Singapore too authoritative? Charlie Rose asked Lee Kuan Yew

Singapore's Minister Mentor Lee Kuan Yew did not say Yes or No when Charlie Rose asked him in a televised interview: "You’ve never had a moment where you thought Singapore was too authoritative, did you?  Not one moment?"

Instead, he said: "My job was to get the place going and get everybody a decent life and a decent education. And we’re now the best educated people in the whole of east Asia.Our universities — we got three, four universities, fourth one coming up."

 Lky_and_charlie_rose

Charlie Rose: So the end justifies the means whatever it might be?

MM Lee: No. The ends were laudable. Everybody wants the same ends. Everybody wants good education and good health.

Charlie Rose: A good life and their children to do better than they did.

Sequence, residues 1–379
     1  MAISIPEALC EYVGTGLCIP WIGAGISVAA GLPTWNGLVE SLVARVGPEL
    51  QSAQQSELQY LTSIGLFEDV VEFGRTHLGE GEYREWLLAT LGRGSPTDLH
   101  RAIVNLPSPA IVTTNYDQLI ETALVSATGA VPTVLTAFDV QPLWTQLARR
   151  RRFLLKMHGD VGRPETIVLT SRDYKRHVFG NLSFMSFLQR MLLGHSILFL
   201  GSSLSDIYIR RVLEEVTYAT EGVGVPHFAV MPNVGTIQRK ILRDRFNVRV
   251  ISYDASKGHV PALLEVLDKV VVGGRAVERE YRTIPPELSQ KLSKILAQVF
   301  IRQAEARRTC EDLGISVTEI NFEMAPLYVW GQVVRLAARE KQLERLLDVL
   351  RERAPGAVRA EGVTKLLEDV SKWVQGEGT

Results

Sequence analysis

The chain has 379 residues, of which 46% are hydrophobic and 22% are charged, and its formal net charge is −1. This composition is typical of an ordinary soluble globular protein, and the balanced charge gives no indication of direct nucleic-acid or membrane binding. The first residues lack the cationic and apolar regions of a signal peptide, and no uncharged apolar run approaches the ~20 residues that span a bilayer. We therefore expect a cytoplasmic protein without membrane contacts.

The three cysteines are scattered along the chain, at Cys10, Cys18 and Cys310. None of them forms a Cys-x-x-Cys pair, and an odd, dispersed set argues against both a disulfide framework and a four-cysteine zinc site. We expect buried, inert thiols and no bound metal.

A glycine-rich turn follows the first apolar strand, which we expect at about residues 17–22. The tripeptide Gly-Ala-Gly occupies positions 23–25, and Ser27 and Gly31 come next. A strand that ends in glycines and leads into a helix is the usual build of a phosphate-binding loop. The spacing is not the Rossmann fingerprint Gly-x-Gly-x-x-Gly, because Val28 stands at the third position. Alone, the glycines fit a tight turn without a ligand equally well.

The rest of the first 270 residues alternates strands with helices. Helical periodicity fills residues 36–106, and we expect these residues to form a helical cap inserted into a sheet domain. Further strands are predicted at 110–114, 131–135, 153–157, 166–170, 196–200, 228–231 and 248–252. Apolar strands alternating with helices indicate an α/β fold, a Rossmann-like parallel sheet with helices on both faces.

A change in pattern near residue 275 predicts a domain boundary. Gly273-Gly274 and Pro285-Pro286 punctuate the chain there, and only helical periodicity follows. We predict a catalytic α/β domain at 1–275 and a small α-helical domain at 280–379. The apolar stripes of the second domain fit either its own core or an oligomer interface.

MM Lee: The means — I had the consent and support of the population.  If they opposed me and they did not cooperate, it wouldn’t have worked. 

Charlie Rose: You were in control of everything.

MM Lee: No.

Charlie Rose: Yes you were, you know that. 

(Laughter)

MM Lee: The numbers of people opposing me, including the communists in the very early years, was endless. 

Charlie Rose did not press him further. Instead, he said: "That brings me to President Obama.  What are your observations about him?" 

Obama very great and eloquent

MM Lee responded: "He’s a very great and eloquent man who is very persuasive and is very able and has appointed very able people into his key positions.  And what impressed me most is his appointing people of different minds.  For instance, on his economic team, there is (Larry) Summers, Paul Volcker, and they’re both very strong-minded people." 

Read the full transcript on Charlie Rose.com where, if you have the patience, you can also watch the interview. Here are some extracts.

Changes that MM Lee never expected

Charlie Rose: What’s the most important change and significant change in your way of thinking about the world over the last 20 years?